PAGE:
As expected there was a big focus on data and privacy as we live in an era of technological transparency and big data in every marketing presentation. Interestingly, keynotes by Julian Assange and whistleblower Ed Snowden were the big attractions of the festival, not the CEO’s of tech companies.  Rather than the tech side of things, the conversations were around the shadows behind the technology and how we can use the immense data stream, tracking info to actually benefit mankind. Let’s call it ‘Shadow marketing’. People are acutely aware of the data being stored about their lives, so marketers need to be transparent about what info they have on people, making them feel secure about it whilst also adding genuine value to their lives, not flogging endless cross sells.

2.      4D Virtual Reality: The future of brand experiences

The big tech hit of SXSW this year was 4D Virtual reality software from Oculus Rift. Whilst, VR is not new, we may be finally coming to the point where marketers can genuinely use it to deliver hyper real brand experiences and interactive stories. HBO created a ‘Game of Thrones’ 4D Exhibit using Oculus Rift to showcase the new series, letting cast member Maisie Williams (Arya Stark) experience the mind blowing reality of it.  Watch it here:

 3.      Ssshhh: Secret social the antidote to the selfie obsessed

Finally, we may be seeing a counter trend against to the selfie-obsessed trend as people become more protective of their digital footprint. Perhaps we’ll be seeing a backlash to the selfie saturated social platforms and a growth in ‘secret social’ apps like Whisper and Secret. Their goal is to bring anonymity back to social. They’re both offering the ability to connect to anyone, anywhere, about anything without the fear of being judged. The big debate was around trolling and the impact that had on the overall welfare on the digiverse. Whisper CEO, Michael Heyward suggested ‘Whisper is the safest place on the web, we have a strict policy here anonymity is used to protect yourself, not hurt others’. Time will tell on this one.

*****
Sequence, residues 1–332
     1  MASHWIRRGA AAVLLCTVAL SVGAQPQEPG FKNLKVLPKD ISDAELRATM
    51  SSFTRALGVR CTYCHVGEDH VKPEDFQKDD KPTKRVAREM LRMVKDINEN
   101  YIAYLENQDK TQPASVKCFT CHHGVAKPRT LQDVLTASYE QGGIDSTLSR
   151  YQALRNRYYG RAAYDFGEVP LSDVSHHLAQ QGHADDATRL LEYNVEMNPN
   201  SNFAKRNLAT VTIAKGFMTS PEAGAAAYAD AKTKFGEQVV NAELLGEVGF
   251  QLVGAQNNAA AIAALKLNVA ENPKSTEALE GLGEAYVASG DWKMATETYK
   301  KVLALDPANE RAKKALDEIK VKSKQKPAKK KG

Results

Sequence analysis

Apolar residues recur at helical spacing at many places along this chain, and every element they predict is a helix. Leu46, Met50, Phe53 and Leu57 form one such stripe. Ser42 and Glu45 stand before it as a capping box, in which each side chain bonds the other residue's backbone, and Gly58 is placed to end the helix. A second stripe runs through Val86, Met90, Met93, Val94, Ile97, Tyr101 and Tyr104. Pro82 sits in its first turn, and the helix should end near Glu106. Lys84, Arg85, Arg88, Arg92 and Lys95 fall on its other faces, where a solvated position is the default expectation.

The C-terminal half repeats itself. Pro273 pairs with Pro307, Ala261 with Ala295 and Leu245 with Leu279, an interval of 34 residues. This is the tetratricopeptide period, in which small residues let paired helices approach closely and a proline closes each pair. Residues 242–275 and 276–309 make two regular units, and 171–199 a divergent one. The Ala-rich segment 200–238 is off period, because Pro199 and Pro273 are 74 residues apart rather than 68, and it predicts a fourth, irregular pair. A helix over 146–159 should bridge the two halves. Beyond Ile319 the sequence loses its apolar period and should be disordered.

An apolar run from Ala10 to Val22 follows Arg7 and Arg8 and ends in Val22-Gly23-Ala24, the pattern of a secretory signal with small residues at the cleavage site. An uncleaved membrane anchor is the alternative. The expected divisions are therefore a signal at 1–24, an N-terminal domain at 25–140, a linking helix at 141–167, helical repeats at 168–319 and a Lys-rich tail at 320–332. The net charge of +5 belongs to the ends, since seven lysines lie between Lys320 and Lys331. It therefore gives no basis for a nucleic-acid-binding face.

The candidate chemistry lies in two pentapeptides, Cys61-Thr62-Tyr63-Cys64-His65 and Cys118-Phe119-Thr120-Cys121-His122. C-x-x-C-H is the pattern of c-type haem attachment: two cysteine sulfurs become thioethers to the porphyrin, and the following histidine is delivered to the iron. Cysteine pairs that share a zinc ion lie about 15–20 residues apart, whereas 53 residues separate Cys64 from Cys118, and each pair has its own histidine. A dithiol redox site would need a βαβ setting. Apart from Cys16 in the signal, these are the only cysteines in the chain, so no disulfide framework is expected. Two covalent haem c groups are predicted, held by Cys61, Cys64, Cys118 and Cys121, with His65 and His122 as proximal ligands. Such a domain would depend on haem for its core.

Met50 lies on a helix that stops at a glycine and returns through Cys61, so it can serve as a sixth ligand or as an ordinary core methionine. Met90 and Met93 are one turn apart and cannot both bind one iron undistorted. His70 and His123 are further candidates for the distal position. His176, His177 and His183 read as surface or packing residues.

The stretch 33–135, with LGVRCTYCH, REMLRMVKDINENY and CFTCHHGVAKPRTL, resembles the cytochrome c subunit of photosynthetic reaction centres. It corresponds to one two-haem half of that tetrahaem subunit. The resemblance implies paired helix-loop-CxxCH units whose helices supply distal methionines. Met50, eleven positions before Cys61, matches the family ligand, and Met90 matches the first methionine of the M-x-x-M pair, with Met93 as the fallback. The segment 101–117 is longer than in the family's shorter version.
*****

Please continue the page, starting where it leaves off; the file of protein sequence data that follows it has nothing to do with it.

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4.      Hacking for Humanity: emerging markets embracing hacking culture

Last year hacking was a key part of SXSW conversation and this year it popped up again but in a different guise. This year the conversation was around ‘Hacking for Humanity’ – tacking something and rewiring/rebuilding it to push us forward as a species. Interestingly, the best examples of this were not out of the USA or Europe but out of developing markets in Asia. Oxfam’s Pink Phone project in Cambodia was a shining example, whereby rural women were given old mobile phones providing them with access to farming information to help their livelihoods. We’re also seen phone hacking for good, as textbooks are delivered on phones in African nations.

 5.      Intrapreneurs the key to engaging Millennial workers

My favourite keynote was Pete Cashmore from Mashable talking about how to motivate Millennials in his ‘Y bother’ forum. By 2025, 80% of western workforces will be Gen Y, this is relevant for us all. We all know and have heard the discourse around Millennial expectations of management positions within 2 years of leaving uni, well here’s why. Millennials have grown up in a world where the tech has changed at warp speed, this is the real time generation. Social media platforms have democratised virtually every industry, giving everyone an equal voice. The key to maximising Millennial performance in the workforce is to empower them as INTRAPRENEURS – where they can be entrepreneurial within the business, making change in real time within flatter organisations structures.  Millenials have become wired to expect real time feedback. Annual Reviews are dead. Work and play is seen as one, Intrapreneurs want to go hard at both. Which is a great metaphor for the vibe at SXSW – a healthy dose of sucking up knowledge during the day and partying hard at night.

Perhaps the coolest thing at SXSW, was all the geeky gamers talking about the documentary series  ‘Dumping The Alien: Unearthing The Atari Graveyard’ where filmmakers are going to Area 51 in Mexico to try and find the 3million allegedly buried copies of the Atari Game ET ‘Extra Terrestrial’ – widely known as the worst video game ever. Watch the backstory here.